Trump looking to cut budget by 10%, slash 20% from federal workforce
Donald Trump plans to hit the ground running when he takes office on Friday, assigning "landing teams" to coordinate with federal agencies to cut some department budgets by as much as 10% while slashing 20% from the federal workforce.
The cuts would target discretionary spending, not mandated programs such as Medicare or Social Security, the sources said.
The spending reductions are expected to be used to help pay for Trump's plan to boost the Pentagon's budget, tax cuts and some pet projects, potentially including the anti-immigration wall on the nation's southern border.
The teams also are looking at staffing cuts over four years through attrition, a hiring freeze and reorganization.
The plan is winning cheers in conservative, anti-tax and anti-spending corners in Washington that have long sought massive cuts in the bureaucracy.
Presidents rarely cut spending, choosing freezes instead. In the meantime, federal spending has reached historic levels. Trump has picked a budget hawk, Rep. Mick Mulvaney, to head the Office of Management and Budget, a clear sign that spending cuts are a top priority.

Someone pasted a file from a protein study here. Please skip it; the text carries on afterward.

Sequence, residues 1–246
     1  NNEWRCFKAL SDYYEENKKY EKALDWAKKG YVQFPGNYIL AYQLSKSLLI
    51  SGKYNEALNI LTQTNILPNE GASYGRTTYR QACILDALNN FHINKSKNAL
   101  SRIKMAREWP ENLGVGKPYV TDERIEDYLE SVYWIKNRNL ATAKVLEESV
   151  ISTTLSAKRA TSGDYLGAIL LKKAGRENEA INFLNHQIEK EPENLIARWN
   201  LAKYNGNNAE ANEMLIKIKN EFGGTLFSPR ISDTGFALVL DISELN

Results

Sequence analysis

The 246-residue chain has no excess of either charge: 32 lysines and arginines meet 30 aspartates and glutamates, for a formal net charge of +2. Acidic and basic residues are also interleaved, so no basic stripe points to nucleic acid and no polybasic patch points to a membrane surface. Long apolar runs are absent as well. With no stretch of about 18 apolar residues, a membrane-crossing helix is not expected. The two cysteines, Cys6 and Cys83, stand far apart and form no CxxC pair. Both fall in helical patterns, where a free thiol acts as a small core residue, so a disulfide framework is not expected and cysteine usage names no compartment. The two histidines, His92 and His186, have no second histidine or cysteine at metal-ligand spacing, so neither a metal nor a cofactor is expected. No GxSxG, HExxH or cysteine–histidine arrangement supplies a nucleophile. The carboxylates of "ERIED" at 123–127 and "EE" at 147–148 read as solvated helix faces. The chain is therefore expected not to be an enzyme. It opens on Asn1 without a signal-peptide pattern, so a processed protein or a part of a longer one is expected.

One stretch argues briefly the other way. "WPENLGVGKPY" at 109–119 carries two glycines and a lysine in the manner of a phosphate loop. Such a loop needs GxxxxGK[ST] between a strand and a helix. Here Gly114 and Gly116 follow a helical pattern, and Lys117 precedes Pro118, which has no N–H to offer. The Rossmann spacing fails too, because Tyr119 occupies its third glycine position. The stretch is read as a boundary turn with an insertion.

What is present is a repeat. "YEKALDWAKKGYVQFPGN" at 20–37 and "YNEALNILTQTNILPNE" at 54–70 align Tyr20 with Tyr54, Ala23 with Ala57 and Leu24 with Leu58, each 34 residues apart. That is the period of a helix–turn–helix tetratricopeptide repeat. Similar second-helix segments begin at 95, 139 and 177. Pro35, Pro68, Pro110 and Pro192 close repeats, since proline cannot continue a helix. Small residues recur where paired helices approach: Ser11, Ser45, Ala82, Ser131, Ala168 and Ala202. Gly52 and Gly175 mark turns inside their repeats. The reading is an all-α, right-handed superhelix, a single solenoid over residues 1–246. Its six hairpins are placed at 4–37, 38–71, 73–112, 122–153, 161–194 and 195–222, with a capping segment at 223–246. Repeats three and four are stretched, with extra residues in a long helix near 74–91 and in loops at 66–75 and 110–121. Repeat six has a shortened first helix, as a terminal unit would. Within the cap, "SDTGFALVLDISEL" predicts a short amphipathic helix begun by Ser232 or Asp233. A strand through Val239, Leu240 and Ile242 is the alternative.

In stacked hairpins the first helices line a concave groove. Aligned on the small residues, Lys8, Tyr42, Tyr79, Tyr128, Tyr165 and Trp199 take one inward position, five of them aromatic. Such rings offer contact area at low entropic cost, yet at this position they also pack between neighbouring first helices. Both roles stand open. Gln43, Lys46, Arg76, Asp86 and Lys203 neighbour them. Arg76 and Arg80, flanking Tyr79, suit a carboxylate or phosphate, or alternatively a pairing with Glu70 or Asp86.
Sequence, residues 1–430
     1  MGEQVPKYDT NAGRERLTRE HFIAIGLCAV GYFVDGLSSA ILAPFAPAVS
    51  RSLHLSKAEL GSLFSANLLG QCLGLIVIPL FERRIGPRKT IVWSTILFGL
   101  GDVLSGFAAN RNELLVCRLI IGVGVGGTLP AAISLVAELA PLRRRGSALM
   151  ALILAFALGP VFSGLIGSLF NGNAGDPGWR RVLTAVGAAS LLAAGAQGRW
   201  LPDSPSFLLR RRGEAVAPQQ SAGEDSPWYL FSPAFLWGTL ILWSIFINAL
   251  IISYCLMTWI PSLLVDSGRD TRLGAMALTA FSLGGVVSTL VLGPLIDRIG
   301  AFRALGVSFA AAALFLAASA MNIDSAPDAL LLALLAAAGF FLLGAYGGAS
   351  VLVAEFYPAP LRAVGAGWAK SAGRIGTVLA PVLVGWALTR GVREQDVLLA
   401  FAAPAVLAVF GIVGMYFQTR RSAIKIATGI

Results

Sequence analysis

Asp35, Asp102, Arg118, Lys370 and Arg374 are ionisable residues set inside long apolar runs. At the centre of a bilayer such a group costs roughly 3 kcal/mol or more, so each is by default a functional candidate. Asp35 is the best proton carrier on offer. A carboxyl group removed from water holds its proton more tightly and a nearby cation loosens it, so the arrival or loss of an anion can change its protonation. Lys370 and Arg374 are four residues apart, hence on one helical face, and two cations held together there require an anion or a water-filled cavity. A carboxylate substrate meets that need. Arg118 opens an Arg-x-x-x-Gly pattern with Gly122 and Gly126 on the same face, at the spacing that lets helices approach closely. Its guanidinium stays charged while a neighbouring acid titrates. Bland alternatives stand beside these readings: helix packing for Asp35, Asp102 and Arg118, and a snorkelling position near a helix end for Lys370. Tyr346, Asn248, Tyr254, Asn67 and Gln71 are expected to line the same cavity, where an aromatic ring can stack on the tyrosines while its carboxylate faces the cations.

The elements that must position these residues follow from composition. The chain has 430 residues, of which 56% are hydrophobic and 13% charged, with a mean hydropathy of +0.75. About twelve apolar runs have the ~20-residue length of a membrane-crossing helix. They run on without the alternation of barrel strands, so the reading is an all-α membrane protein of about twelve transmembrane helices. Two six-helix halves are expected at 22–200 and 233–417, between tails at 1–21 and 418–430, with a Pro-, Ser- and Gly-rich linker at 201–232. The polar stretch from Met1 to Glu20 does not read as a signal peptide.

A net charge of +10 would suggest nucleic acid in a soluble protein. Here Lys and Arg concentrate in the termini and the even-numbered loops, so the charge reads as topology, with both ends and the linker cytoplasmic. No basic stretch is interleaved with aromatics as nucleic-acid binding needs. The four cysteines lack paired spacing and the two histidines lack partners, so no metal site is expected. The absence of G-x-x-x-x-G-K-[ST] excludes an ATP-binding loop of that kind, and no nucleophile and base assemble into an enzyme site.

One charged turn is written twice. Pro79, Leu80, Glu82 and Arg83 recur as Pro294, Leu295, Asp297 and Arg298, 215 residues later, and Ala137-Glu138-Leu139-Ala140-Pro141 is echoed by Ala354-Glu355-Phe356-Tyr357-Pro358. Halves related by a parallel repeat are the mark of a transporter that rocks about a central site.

Still, Trump is likely to face a wall of opposition from Democrats and federal unions who consider much of the federal workforce on their side.
Many presidents have entered office with grand plans to cut the budget, only to see Congress fail to follow through. But perhaps more than any other recent president, Donald Trump enters the White House with a clear mandate to "drain the swamp." And a primal thrust of that effort will be to shrink the size of government.
Most presidents measure success in "cutting" the budget by how much they reduce the growth of spending from year to year. That's like congratulating a morbidly obese person for gaining "only" 10 pounds last month. What's needed is a plan to put government on a diet that will actually shrink the scope and responsibilities of the federal government – something that's never happened despite promises from Congress for three decades.
That takes a kind of political courage not seen in Washington before. Almost all politicians have their pet federal programs, and Washington is full of special interest groups for just about every agency there is. What begins as good intentions ends up coming acropper of hardball politics and political calculation.
Are there enough Republicans and a scattering of Democrats who can make it happen? Trump will need all his communication skills and the power of the bully pulpit to ram reforms of this kind through. Even if he's only partially successful, it will be a darn sight better than the out-of-control budgeting we've seen during the Obama years.